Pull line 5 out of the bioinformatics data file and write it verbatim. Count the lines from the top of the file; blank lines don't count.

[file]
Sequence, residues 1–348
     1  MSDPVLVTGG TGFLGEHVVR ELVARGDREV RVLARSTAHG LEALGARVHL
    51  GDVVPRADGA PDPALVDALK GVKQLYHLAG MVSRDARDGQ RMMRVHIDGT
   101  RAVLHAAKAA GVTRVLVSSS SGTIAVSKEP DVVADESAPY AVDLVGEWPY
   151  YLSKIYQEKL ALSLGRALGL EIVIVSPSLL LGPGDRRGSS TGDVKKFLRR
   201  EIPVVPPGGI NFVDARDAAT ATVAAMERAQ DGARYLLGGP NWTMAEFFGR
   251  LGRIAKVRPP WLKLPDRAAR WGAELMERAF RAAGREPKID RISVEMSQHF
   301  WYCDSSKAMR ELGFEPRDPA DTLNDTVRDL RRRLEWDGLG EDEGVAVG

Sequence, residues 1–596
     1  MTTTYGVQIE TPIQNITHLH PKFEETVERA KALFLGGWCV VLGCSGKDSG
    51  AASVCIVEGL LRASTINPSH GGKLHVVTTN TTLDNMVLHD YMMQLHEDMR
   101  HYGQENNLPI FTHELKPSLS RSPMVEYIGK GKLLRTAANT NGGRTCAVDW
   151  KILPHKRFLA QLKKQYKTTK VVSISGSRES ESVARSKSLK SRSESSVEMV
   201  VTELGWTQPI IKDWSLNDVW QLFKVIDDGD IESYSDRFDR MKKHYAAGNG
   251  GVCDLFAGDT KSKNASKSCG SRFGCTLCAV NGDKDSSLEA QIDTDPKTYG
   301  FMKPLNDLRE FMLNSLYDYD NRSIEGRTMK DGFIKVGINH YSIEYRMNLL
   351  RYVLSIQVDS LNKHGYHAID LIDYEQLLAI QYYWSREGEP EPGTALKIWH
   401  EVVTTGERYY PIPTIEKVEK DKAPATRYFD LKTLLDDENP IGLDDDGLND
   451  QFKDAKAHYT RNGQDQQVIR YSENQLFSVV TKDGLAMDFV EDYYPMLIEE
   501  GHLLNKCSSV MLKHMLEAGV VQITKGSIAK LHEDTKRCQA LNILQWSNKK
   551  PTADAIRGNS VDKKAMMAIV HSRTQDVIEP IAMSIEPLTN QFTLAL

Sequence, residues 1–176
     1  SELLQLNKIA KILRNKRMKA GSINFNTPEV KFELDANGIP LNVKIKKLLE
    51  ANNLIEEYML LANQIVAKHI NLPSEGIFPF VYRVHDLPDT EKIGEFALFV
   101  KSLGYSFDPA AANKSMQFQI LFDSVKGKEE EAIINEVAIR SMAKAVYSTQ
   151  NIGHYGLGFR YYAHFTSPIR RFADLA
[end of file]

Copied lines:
   151  YLSKIYQEKL ALSLGRALGL EIVIVSPSLL LGPGDRRGSS TGDVKKFLRR